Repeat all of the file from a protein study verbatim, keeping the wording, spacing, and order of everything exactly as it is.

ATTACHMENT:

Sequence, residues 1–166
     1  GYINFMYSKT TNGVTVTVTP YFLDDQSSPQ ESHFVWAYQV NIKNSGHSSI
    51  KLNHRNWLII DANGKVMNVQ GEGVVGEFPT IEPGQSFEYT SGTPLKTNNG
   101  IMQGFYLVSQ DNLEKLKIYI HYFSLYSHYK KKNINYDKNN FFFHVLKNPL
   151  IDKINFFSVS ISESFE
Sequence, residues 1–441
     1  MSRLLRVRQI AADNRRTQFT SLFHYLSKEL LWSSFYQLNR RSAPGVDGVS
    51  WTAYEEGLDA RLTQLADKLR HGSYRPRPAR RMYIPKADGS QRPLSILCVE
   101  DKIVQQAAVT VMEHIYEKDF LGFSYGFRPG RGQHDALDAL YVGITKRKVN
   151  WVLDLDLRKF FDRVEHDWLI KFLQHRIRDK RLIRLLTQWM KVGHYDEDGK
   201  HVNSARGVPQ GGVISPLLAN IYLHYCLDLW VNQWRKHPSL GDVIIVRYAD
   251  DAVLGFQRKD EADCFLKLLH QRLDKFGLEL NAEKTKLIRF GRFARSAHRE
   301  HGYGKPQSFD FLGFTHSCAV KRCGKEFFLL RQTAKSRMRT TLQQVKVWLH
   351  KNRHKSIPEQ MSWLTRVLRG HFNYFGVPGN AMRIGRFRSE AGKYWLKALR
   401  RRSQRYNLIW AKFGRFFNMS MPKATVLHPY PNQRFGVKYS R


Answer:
Sequence, residues 1–166
     1  GYINFMYSKT TNGVTVTVTP YFLDDQSSPQ ESHFVWAYQV NIKNSGHSSI
    51  KLNHRNWLII DANGKVMNVQ GEGVVGEFPT IEPGQSFEYT SGTPLKTNNG
   101  IMQGFYLVSQ DNLEKLKIYI HYFSLYSHYK KKNINYDKNN FFFHVLKNPL
   151  IDKINFFSVS ISESFE
Sequence, residues 1–441
     1  MSRLLRVRQI AADNRRTQFT SLFHYLSKEL LWSSFYQLNR RSAPGVDGVS
    51  WTAYEEGLDA RLTQLADKLR HGSYRPRPAR RMYIPKADGS QRPLSILCVE
   101  DKIVQQAAVT VMEHIYEKDF LGFSYGFRPG RGQHDALDAL YVGITKRKVN
   151  WVLDLDLRKF FDRVEHDWLI KFLQHRIRDK RLIRLLTQWM KVGHYDEDGK
   201  HVNSARGVPQ GGVISPLLAN IYLHYCLDLW VNQWRKHPSL GDVIIVRYAD
   251  DAVLGFQRKD EADCFLKLLH QRLDKFGLEL NAEKTKLIRF GRFARSAHRE
   301  HGYGKPQSFD FLGFTHSCAV KRCGKEFFLL RQTAKSRMRT TLQQVKVWLH
   351  KNRHKSIPEQ MSWLTRVLRG HFNYFGVPGN AMRIGRFRSE AGKYWLKALR
   401  RRSQRYNLIW AKFGRFFNMS MPKATVLHPY PNQRFGVKYS R